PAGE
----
Perfect Earth continues to expand our Pathways to PRFCT program, a network of diverse public gardens and parks, managed for health and well-being, beauty, biodiversity, and sustainability. I’m happy to announce that Wethersfield Estate and Garden in Amenia, New York, is our newest partner. Conservation has been at the heart of the 1000-acre estate since it was established by the late Chauncy Stillman more than 80 years ago. He helped shape modern farming techniques by enhancing soil health, reducing soil erosion, and promoting water conservation. Today, the estate features an elegant Italianate garden with more than 20 miles of trails and over 400 acres of woodlands. Upholding that spirit of conservation, the horticulture team is now designing flower displays so there’s always something blooming for pollinators, planting more natives, especially keystone species, and removing invasives on the property. They’re also saving resources, limiting watering to establishing new plants and in times of drought, and retaining biomass on site. We’re especially pleased to welcome them because Perfect Earth's Toshi Yano helped revitalize this garden as their director of horticulture from 2019 to 2022, starting many of these methods. We hope you will visit to see the beautiful results of these nature-based practices.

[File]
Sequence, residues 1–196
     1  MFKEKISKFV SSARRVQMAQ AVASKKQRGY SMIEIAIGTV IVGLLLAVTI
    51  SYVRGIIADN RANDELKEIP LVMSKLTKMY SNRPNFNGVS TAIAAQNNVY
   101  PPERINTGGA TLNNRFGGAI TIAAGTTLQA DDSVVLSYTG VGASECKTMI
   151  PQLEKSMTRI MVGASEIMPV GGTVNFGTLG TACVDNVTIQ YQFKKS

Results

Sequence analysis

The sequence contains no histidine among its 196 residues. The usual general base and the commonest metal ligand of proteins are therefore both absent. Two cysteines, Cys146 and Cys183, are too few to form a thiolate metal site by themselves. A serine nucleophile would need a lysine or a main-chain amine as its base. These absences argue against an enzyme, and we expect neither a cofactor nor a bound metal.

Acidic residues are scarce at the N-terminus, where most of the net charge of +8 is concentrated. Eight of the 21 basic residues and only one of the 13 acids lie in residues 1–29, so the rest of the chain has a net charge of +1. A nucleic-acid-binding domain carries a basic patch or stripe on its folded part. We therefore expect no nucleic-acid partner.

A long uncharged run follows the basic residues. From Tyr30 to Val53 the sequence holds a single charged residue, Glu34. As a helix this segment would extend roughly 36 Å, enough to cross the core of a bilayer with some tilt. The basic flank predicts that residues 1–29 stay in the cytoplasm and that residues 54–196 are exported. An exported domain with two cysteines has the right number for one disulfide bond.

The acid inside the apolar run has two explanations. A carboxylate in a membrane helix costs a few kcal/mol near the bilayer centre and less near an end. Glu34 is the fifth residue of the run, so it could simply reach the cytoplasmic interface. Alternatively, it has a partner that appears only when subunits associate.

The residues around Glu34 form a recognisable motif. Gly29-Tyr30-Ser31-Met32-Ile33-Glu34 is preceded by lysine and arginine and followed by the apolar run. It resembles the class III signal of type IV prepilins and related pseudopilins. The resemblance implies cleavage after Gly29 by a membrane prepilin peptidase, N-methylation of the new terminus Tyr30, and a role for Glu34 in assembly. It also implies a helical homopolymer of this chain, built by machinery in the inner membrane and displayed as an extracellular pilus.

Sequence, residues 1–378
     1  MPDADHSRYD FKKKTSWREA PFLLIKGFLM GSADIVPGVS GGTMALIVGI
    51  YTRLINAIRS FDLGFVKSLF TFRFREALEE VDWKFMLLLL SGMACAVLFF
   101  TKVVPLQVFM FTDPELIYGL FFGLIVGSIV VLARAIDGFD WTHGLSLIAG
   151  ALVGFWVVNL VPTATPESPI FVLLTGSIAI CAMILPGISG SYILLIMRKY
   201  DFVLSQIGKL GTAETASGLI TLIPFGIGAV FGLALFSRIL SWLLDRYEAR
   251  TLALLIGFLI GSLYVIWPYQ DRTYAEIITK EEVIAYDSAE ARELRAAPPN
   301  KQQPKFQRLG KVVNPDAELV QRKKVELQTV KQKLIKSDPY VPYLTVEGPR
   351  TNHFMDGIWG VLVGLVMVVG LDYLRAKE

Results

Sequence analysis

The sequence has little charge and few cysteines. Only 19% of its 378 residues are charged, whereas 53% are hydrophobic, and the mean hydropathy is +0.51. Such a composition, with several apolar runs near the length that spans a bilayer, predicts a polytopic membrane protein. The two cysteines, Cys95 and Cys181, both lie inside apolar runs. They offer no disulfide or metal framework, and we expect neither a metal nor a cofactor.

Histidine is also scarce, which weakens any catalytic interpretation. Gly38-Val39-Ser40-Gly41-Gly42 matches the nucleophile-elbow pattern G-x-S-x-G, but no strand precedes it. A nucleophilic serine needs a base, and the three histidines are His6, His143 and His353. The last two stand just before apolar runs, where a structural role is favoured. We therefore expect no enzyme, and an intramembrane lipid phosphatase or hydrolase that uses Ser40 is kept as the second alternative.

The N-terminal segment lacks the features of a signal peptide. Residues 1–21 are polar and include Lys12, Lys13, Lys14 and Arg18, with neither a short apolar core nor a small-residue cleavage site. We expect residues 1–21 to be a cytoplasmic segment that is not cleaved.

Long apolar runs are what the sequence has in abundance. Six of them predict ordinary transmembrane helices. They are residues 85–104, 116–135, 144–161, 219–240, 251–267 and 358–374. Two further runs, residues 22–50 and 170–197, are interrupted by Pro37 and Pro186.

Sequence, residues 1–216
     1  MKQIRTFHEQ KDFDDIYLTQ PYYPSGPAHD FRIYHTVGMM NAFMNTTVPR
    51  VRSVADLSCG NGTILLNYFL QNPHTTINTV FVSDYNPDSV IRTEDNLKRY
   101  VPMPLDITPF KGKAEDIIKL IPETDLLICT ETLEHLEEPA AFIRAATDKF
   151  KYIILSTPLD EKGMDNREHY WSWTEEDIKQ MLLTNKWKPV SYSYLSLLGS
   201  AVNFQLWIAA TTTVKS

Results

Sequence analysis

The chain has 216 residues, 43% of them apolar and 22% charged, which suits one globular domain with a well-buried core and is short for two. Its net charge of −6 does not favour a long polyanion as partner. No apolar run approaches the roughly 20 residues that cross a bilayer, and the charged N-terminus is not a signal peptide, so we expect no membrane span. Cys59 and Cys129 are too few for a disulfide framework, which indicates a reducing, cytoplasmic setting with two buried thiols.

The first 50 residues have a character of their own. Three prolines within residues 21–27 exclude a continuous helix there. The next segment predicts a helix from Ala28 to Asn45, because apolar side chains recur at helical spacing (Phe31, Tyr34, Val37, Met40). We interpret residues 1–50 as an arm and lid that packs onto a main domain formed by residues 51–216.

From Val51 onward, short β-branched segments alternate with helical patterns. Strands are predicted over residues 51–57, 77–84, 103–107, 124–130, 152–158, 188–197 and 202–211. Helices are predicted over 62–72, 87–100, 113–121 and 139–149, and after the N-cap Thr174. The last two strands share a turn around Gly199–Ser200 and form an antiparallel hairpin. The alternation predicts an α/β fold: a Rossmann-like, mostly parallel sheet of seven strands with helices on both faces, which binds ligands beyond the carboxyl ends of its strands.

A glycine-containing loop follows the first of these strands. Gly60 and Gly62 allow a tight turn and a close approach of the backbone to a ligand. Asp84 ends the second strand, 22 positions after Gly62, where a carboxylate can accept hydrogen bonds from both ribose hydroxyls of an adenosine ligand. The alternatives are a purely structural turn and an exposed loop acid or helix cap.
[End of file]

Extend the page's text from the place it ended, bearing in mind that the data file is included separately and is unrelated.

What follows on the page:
Photo by Ngoc Minh Ngo.
Radicle Thinking by Edwina von Gal
This post is about roots. It also marks the start of the new name for my Perfect Earth monthly posts: Radicle Thinking. The radicle, a root, is the first thing that emerges from a germinating seed, and the future of a plant depends on the radicle’s success. Seeds, miraculous tiny germs of life, are held in suspension until the world around them says, Okay, GO! A radicle then sets out to explore and engage with what it finds. It heads down into the soil to anchor the new plant, and then starts sending up water and nutrients so the plumule (the embryo’s shoot) can grow up towards the sun and start the true leaf growing process.
The radicle and the lateral roots that follow it form a root system of insanely intricate and mutually beneficial relationships with the microorganisms in the soil. These root systems form part of a two-way delivery system: nutrients and water from the soil flow up into the leaves, while sugar made from sunshine (photosynthesis) is sent down from the leaves to the roots to energize a vast community of busy soil-based lives. Roots+soil+leaves+sun = the essential building blocks of plant life.